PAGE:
Warner Bros. continues its quest to "update" every famous literary adventure novel ever written, with its sights now set on Miguel de Cervantes' 17th-Century classic, The Ingenious Hidalgo Don Quixote of La Mancha, which is generally referred to simply as Don Quixote.
Producer Joel Silver - the Hollywood powerhouse behind (you guessed it) Sherlock Holmes - is teaming up with Warner Bros. to create a "Pirates of the Caribbean-style swashbuckling version of the story" for modern-day moviegoers.
However, this cinematic incarnation of Don Quixote will not portray its titular character as a madman who chases windmills, but instead as a tried-and-true hero who does battle against an actual fantasy world of monsters and demons.
So what does this mean for director Terry Gilliam and his hopes of bringing his long-troubled dream project, The Man Who Killed Don Quixote, to the big screen? If Gilliam can snag a financier for his film sooner than later, he could conceivably get his own Don Quixote movie out long before Warner Bros. does, and thus give moviegoers a much more inspired and imaginative take on the tale.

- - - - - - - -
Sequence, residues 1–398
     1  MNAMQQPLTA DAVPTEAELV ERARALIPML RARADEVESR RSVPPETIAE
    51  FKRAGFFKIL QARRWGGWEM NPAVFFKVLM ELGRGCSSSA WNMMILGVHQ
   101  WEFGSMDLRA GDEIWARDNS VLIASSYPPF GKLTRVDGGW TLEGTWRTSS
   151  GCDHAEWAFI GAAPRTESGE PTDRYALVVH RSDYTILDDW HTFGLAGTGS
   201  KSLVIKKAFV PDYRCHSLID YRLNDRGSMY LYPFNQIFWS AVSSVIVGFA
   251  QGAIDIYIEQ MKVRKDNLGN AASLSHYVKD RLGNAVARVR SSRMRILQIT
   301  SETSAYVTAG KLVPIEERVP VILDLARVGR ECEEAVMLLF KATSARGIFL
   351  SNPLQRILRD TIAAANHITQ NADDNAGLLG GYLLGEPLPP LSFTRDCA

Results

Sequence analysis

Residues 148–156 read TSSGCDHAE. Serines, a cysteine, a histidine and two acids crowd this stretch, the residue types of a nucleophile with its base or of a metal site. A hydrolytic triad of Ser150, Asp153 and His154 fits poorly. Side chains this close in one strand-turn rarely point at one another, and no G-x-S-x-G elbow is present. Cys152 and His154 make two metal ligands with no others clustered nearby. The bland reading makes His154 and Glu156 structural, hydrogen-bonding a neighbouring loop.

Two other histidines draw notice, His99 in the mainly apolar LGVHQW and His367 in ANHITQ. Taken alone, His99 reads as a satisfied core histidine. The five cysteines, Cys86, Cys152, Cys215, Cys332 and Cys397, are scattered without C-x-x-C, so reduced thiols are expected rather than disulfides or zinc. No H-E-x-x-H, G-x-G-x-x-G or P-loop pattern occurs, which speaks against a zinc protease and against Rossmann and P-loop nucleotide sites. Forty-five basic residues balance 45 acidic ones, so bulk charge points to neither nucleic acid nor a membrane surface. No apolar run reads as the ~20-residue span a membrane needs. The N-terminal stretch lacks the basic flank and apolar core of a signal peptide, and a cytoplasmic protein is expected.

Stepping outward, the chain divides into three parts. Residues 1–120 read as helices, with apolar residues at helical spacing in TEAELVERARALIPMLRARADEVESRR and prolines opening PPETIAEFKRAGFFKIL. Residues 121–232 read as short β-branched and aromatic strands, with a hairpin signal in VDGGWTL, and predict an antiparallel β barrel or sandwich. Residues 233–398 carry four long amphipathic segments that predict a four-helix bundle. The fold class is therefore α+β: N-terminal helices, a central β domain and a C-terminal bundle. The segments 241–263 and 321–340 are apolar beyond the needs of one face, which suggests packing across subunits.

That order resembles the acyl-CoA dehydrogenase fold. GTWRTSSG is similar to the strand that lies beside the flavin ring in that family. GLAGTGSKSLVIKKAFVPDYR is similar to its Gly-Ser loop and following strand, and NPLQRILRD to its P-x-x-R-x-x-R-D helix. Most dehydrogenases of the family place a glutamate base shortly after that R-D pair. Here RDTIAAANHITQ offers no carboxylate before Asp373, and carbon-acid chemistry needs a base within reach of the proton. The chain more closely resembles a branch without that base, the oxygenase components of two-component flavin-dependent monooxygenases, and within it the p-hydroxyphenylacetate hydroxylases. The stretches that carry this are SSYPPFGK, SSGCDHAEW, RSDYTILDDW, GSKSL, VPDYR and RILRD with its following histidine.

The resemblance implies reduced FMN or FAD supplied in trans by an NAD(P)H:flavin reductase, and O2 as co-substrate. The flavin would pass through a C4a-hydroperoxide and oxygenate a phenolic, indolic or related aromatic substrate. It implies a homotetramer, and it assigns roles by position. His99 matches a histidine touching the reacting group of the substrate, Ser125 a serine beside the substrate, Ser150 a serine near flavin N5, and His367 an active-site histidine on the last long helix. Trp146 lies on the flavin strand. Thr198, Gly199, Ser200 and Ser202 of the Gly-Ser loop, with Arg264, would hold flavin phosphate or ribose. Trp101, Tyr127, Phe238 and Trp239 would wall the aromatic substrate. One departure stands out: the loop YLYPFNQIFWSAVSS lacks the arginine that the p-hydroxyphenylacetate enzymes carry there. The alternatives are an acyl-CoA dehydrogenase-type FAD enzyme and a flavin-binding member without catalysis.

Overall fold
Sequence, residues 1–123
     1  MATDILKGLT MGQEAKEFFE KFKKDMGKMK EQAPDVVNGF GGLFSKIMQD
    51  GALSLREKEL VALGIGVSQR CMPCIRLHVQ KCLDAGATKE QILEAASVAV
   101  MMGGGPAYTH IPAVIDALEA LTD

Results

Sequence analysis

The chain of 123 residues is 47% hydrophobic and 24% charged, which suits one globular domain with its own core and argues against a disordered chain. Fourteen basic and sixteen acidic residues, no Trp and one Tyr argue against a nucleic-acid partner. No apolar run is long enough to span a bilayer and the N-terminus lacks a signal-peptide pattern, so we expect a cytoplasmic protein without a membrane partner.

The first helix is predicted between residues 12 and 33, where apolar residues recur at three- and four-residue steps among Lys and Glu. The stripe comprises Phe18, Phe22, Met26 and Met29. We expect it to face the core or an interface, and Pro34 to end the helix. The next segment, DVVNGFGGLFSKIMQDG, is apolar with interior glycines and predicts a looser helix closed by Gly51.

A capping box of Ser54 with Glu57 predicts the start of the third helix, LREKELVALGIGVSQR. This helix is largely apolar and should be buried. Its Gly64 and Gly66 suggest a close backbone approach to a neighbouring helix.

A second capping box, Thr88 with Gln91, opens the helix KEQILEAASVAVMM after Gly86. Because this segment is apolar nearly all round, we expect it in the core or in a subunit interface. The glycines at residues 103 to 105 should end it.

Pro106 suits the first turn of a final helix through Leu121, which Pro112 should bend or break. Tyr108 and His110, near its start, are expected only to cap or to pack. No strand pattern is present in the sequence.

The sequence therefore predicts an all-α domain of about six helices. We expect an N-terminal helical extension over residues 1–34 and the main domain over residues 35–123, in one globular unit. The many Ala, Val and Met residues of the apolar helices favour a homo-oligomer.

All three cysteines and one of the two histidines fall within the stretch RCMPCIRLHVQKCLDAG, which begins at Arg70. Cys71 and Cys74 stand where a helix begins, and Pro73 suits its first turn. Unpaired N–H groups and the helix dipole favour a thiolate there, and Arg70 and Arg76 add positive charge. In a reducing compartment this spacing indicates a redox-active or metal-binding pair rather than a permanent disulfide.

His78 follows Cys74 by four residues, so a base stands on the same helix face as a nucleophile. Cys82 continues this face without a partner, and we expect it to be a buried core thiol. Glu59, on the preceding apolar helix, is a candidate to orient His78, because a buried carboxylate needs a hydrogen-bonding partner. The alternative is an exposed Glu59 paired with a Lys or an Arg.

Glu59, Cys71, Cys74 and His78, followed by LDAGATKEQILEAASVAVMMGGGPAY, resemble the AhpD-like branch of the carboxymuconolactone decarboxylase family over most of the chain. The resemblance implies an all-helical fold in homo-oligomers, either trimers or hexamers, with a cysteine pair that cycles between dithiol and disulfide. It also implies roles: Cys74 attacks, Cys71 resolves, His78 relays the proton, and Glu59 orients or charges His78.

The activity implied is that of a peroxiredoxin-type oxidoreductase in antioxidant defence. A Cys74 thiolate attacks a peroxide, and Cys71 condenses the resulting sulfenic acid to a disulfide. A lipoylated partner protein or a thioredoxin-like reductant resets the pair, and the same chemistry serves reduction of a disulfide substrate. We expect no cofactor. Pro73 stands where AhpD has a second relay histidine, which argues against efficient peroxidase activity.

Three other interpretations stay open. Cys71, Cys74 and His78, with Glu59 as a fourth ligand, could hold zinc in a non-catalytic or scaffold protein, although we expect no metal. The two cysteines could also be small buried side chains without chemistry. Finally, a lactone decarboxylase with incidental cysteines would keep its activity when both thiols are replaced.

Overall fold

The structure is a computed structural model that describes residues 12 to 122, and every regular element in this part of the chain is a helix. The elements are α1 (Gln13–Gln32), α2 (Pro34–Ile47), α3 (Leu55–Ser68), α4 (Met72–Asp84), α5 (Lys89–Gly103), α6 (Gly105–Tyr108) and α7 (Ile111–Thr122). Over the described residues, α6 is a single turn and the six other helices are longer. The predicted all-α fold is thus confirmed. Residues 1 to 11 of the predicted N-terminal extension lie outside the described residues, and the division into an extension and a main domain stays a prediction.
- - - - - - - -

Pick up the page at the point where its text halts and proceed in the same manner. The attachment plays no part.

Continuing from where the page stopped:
Don Quixote is but the latest period adventure story that Warner Bros. wants to give the big-budget blockbuster treatment to, after the success of Guy Ritchie's Sherlock Holmes last winter. They also have Doug Liman (The Bourne Identity) lined up to helm their own 3D version of The Three Musketeers and a modernized take on Treasure Island - which, like Don Quixote, will probably be fashioned after the Pirates of the Caribbean films - in development.
Did the success of Sherlock Holmes really warrant this new wave of classic books-turned-tentpole movies? It did gross over $500 million worldwide and was entertaining in its own right, but let's be honest - would it have been as popular were it not for the presence of Robert Downey Jr.? Probably not, but leave it to Hollywood to assume the movie was a hit due to an excess of explosive set pieces and action sequences - as opposed to the film's charismatic leading man and his chemistry with costars Jude Law and Rachel McAdams.
What do you think? Would you like to see Don Quixote get the big-budget treatment? Are you still holding out hopes for Gilliam's The Man Who Killed Don Quixote? Sound off in the comments section below.
We'll keep you updated on the development of Warner Bros.' take on Don Quixote as more information comes our way.